Berke say that Gore's campaign is based on an elemental contradiction. He says that Gore is trying to shake American impressions that he is boring, stiff and a bad public speaker, while asserting a campaign based on what Berke describes as the "dry timber of issues" rather than on the flash and dazzle of personality. Berke writes that Gore's conflicted agenda reflects the difficulties the Democrat party itself faces. He says:

"Mr. Gore's elaborate -- and often conflicting -- objectives [throughout] this convention week reflect the trying challenges he and the Democrats confront as they emerge from this convention. Forget the confetti and mirthful talk of harmony from the rostrum. For the Democrats, happy days are certainly not here again. They may not be panicked, but they are jittery about their standard-bearer. And they are jittery about [the November 7 election]."

There are several press comments, too, on the tragedy of the Russian submarine Kursk, which sank in the Barents Sea this past weekend.


The British daily Independent runs an editorial today that says that Russians' anger over the Kursk tragedy shows that Russia is still a nation in transition. The paper writes the accident was initially hushed up, as it would have been under the old Soviet regime, and that at first, the Russian military and Putin refused to ask for outside help. More important, the paper says, at first there was little reaction over the tragedy from the Russian public:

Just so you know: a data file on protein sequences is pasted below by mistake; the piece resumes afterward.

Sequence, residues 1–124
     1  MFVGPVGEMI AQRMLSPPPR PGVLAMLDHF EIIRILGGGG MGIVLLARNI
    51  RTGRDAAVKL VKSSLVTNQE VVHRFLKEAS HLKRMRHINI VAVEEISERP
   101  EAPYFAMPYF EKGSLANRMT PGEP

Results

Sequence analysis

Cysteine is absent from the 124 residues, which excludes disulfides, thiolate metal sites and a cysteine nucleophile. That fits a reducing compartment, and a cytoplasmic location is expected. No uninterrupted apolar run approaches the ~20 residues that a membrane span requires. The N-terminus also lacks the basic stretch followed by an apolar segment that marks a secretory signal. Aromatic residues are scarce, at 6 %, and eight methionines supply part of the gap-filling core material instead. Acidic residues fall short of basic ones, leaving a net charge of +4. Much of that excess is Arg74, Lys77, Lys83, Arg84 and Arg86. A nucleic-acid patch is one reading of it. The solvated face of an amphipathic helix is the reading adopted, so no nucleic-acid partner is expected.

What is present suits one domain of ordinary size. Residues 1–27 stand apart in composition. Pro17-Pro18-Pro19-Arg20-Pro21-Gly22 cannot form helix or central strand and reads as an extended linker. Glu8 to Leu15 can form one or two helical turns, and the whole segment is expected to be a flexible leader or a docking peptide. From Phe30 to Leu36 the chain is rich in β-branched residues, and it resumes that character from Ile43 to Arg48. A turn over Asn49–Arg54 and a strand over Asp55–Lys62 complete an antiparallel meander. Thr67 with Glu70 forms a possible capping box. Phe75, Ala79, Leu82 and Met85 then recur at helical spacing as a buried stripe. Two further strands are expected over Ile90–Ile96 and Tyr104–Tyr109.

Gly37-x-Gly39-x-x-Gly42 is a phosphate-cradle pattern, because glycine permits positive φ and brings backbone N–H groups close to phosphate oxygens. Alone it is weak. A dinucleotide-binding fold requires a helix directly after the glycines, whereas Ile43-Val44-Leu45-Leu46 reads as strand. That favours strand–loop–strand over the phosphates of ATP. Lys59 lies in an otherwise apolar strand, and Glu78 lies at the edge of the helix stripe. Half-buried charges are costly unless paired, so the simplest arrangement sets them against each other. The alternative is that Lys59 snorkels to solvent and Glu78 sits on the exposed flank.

"Russian pride demanded solidarity [and] the tradition of totalitarianism stifled doubt. But then the gates of democracy opened, and the whirlwind of accountability swept into President Putin's holiday dacha. Yesterday's Russian press was virulent in its criticism of his silence and inaction."

The paper says the Putin made a serious error in judgement in failing to ask for help immediately and then compounded it by taking a vacation. It says that Putin will now be subject to what it calls the "cruel blast of democracy and face the rages of public opinion." The editorial ends by saying that public accountability may force the "fresh air of democracy into the closed spaces of the Russian military and the Russian government."


In Norway, the Aftenposten newspaper says its editorial that the Russian military and Putin will have to answer the question of why they rejected the initial offers of help from the West to save the lives of the Kursk crew in such an arrogant manner. The paper likens Moscow's reaction to tragedy to the secretiveness and the lack of responsibility at the time of the 1986 Chernobyl nuclear power plant disaster, which later turned out to be a major political burden.

The paper also says that so far Putin has managed to drum up public support. But, it adds, taking a vacation on the Black Sea coast while refusing Western help for the dying Kursk crew members was a major political mistake.


Denmark's Information daily carries an article that calls the submarine tragedy both a question of technology and a question of time. It says the disaster could have been avoided if the Russian leadership had accepted Western offers of help early on, not three days after the accident, which was too late.

The paper also says that Putin's silence and removal from the tragedy has considerably diminished his authority in the eyes of both the Russians and the West. But the editorial cautions that a large chunk of the Russian media is still controlled by the Kremlin and that a press cover-up of Putin's failings is likely to ensue.

(Anthony Georgieff in Copenhagen contributed to this report.)